The city borrows 33 millions of francs, or about £1,320,000 sterling, for which it gives 33,000 obligations of 1000 francs each, payable from the 1st October 1817, to the 1st July 1829, both included. The period when these obligations will be paid is to be decided by a lottery every quarter of a year, so that there will be 48 lotteries, the first to commence with 523 obligations, the second 530, the third 537, the fourth 544, and so on, adding seven obligations each drawing, which will make in 48 lotteries the whole 33,000. Each obligation bears an interest of 6 per cent. per annum, payable quarterly from the day the money is advanced to that when it is repaid, which will be when the number is drawn, and there are certain prizes to be drawn every quarter, from 5 francs to 50,000 francs for each obligation which comes up, and which prizes amount in the whole to upwards of six millions of francs. Thus, for instance, the highest prize on the 1st of October 1817 is 20,000 francs, so that the hold er of that obligation which is drawn the prize on that day, will receive for his 1000 francs advanced 21,012 francs, 30 cents. for his capital, interest, and prize, and the least he can receive is 1017.The circumstance which led to such a transaction was the daily expense incurred by keeping down the price of bread to 18 sous for 4 lb. the cost of which has not been less than 75,000 francs, or £3150 per diem.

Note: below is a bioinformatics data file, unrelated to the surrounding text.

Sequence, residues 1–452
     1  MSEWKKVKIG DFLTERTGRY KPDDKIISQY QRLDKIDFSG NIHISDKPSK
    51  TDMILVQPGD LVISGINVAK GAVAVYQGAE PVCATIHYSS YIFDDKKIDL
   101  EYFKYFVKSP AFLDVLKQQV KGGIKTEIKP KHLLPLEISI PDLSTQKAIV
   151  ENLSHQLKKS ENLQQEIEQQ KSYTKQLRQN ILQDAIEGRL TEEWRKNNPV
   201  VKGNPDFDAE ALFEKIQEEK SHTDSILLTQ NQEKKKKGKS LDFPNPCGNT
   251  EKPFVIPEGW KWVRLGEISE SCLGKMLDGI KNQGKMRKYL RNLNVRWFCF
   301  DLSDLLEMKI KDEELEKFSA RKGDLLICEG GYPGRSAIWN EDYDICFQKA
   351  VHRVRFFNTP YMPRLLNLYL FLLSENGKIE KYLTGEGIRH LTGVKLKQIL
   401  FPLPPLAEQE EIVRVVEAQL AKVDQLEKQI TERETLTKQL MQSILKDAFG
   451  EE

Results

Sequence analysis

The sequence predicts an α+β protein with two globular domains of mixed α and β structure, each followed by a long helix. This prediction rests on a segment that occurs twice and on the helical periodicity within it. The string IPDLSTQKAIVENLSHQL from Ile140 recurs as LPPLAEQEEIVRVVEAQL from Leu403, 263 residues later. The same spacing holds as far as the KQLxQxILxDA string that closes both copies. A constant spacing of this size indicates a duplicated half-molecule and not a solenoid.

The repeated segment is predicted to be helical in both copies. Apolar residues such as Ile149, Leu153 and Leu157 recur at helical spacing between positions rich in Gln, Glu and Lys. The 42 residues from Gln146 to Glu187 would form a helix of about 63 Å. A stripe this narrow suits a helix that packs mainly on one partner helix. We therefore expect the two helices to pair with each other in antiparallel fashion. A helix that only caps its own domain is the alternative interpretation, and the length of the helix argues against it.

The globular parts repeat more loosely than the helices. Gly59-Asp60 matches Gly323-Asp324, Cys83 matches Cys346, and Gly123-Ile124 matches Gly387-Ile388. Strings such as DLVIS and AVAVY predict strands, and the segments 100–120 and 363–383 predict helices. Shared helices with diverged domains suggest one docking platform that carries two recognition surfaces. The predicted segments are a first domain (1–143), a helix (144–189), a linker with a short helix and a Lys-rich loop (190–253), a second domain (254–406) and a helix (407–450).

According to letters from Barcelona of the 10th May, it appears, that the sentence of death passed on General Lacy was still suspended, and it was the general opinion, that if carried into execution, he would never undergo the same in that city, or within the limits of the province of Catalonia, as this unfortunate officer, above all others, is the greatest favourite of the Catalans.